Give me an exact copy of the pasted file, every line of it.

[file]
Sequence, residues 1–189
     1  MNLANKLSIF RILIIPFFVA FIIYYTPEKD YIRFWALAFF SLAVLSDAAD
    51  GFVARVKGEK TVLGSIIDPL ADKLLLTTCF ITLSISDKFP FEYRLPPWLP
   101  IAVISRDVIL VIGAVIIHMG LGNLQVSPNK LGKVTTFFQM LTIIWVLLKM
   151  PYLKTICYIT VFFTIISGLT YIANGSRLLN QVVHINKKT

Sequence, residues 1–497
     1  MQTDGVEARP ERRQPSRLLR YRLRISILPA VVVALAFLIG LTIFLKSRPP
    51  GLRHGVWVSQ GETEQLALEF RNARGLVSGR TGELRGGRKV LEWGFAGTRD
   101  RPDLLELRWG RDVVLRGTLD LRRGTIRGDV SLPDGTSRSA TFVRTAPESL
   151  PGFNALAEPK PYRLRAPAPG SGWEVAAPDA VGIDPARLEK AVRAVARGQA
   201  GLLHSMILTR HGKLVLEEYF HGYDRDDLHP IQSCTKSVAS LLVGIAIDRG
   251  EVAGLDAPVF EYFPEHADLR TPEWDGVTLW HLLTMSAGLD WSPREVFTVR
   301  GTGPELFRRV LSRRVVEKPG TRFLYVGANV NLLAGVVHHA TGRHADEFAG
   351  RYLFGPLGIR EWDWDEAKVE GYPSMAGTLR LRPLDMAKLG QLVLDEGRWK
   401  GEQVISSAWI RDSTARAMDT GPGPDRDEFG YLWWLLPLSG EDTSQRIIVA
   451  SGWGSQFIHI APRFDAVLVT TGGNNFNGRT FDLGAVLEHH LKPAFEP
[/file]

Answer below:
Sequence, residues 1–189
     1  MNLANKLSIF RILIIPFFVA FIIYYTPEKD YIRFWALAFF SLAVLSDAAD
    51  GFVARVKGEK TVLGSIIDPL ADKLLLTTCF ITLSISDKFP FEYRLPPWLP
   101  IAVISRDVIL VIGAVIIHMG LGNLQVSPNK LGKVTTFFQM LTIIWVLLKM
   151  PYLKTICYIT VFFTIISGLT YIANGSRLLN QVVHINKKT

Sequence, residues 1–497
     1  MQTDGVEARP ERRQPSRLLR YRLRISILPA VVVALAFLIG LTIFLKSRPP
    51  GLRHGVWVSQ GETEQLALEF RNARGLVSGR TGELRGGRKV LEWGFAGTRD
   101  RPDLLELRWG RDVVLRGTLD LRRGTIRGDV SLPDGTSRSA TFVRTAPESL
   151  PGFNALAEPK PYRLRAPAPG SGWEVAAPDA VGIDPARLEK AVRAVARGQA
   201  GLLHSMILTR HGKLVLEEYF HGYDRDDLHP IQSCTKSVAS LLVGIAIDRG
   251  EVAGLDAPVF EYFPEHADLR TPEWDGVTLW HLLTMSAGLD WSPREVFTVR
   301  GTGPELFRRV LSRRVVEKPG TRFLYVGANV NLLAGVVHHA TGRHADEFAG
   351  RYLFGPLGIR EWDWDEAKVE GYPSMAGTLR LRPLDMAKLG QLVLDEGRWK
   401  GEQVISSAWI RDSTARAMDT GPGPDRDEFG YLWWLLPLSG EDTSQRIIVA
   451  SGWGSQFIHI APRFDAVLVT TGGNNFNGRT FDLGAVLEHH LKPAFEP